The proposed ground area covered by your extension will affect whether you will need to apply for planning permission. No more than half of the total area of the property (excluding the original house) should be occupied by extensions or other buildings.

Therefore, if you have freestanding structures on your property it will affect the size of the extension you can build without planning permission. No part of the extension should extend beyond a wall facing a road if it is a principal or side elevation.

Regardless of placement, no extension should be wider than half the width of the original house. For detached dwellings, no single-storey rear extension should extend further than four metres from the wall.

For all other types of houses, this is reduced to three metres. Rear extensions of more than one storey should not extend further than three metres.

3. How big can I make my extension?

In addition to the ground area, the height of your extension should also be considered if you wish to avoid a planning permission application. Without planning permission, side extensions can only be one storey high and no more than four metres in height.

Within two metres of the property boundary, the eaves must be no higher than three metres. No part of an extension should be higher than the highest point of the roof of the original building.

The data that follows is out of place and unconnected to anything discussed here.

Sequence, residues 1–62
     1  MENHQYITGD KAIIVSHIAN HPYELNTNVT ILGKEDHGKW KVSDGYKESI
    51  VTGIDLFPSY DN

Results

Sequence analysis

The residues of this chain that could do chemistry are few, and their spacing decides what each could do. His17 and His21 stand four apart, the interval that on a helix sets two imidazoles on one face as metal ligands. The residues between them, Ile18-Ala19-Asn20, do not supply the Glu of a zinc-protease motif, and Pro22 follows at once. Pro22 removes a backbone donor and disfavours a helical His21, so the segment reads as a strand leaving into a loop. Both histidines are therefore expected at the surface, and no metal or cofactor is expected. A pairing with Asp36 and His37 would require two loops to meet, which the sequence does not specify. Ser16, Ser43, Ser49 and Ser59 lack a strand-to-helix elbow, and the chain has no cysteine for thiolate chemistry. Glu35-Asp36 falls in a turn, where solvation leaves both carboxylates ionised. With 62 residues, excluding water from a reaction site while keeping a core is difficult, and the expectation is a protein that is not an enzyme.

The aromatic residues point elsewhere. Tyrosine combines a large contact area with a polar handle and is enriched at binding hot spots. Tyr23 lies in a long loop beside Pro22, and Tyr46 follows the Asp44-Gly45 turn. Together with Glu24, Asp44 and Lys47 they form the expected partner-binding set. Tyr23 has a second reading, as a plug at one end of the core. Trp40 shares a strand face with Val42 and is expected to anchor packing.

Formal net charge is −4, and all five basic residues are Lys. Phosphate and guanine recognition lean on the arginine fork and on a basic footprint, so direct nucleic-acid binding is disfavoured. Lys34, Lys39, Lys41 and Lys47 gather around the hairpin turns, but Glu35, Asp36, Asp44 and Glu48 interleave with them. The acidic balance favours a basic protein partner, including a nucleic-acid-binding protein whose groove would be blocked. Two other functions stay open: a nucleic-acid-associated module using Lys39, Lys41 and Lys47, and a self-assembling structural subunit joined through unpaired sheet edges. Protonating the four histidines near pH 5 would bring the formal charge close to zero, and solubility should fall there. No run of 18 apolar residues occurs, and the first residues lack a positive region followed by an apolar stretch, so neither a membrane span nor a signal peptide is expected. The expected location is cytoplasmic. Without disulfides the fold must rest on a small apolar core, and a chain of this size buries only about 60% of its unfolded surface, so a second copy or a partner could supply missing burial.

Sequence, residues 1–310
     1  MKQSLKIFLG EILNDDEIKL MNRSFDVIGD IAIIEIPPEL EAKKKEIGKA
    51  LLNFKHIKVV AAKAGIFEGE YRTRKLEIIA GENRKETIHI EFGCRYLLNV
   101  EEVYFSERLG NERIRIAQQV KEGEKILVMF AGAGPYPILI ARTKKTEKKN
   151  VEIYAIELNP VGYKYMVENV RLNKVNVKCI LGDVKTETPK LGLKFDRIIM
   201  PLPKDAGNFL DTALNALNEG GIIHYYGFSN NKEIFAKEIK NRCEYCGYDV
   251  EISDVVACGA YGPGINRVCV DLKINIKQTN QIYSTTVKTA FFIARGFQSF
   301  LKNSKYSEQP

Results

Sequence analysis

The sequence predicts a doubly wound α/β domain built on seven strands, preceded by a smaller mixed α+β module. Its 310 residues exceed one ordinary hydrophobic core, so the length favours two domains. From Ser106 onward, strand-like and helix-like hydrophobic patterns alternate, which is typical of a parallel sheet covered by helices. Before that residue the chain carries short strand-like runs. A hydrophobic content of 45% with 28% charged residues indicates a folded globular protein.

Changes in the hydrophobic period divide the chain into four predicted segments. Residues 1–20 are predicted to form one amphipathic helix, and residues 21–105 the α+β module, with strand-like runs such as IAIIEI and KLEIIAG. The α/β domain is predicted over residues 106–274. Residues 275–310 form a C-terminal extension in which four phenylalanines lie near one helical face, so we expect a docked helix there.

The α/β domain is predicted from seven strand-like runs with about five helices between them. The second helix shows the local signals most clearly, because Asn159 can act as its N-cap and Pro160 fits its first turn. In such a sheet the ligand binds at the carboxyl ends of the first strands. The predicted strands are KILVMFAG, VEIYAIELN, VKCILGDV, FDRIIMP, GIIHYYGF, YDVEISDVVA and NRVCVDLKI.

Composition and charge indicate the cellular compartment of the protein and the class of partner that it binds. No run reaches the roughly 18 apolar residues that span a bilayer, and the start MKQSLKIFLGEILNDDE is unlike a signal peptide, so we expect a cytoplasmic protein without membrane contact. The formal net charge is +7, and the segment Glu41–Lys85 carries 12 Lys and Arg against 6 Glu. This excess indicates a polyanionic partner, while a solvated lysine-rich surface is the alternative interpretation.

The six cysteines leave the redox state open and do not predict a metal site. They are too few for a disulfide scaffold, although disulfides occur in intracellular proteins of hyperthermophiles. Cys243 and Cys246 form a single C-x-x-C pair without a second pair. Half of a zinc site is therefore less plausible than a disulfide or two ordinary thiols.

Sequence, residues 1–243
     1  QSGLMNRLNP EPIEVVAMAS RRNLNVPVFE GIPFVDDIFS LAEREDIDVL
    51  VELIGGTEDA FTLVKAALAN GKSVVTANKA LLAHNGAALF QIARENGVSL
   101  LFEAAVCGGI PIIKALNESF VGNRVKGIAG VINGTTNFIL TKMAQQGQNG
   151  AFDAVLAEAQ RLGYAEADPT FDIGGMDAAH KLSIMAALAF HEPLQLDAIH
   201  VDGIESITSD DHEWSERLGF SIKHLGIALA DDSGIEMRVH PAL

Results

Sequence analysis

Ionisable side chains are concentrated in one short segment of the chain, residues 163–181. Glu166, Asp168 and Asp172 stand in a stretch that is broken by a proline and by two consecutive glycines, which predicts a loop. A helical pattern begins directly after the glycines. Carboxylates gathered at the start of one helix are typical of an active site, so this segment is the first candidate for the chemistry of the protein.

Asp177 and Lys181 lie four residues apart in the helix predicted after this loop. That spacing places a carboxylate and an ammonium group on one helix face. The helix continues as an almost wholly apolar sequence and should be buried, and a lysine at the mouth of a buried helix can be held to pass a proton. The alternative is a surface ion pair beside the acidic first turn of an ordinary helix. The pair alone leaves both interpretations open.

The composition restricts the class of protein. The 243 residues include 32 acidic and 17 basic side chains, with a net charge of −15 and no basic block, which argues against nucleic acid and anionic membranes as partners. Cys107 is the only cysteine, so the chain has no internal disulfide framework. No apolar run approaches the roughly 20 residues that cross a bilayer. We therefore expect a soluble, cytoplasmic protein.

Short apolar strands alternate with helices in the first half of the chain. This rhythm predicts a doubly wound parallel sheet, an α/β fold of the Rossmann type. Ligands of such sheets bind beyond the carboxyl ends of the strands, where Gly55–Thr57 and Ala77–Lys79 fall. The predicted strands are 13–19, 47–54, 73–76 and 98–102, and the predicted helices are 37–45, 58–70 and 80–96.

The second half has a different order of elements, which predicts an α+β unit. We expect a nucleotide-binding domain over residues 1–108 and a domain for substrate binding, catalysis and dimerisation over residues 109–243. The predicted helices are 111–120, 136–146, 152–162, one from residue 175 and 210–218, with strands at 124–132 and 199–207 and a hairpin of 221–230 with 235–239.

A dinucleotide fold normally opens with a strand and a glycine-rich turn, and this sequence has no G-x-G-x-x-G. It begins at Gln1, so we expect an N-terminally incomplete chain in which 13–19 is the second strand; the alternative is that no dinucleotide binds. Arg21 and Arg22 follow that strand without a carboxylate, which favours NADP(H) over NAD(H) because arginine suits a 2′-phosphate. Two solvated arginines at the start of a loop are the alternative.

In addition, the pitch of the extension roof should match the pitch of the existing roof as much as practically possible. In areas of outstanding natural beauty, national parks, world heritage sites and conservation areas, no extension can exceed one storey.

In these areas, no part of the extension should extend beyond an adjoining principle or side elevation.

4. How close to my boundary can I build an extension?

Known as the ‘boundary of the curtilage’, this is the edge of the enclosed space around the original house. For example, a wall hedge or fence surrounding the house and dividing it from other properties is the boundary.

It is worth noting that this is not a legal definition and the Local Planning Authority may define the legal boundary differently. It is always worth clarifying this with them to avoid accidentally building without the appropriate permission.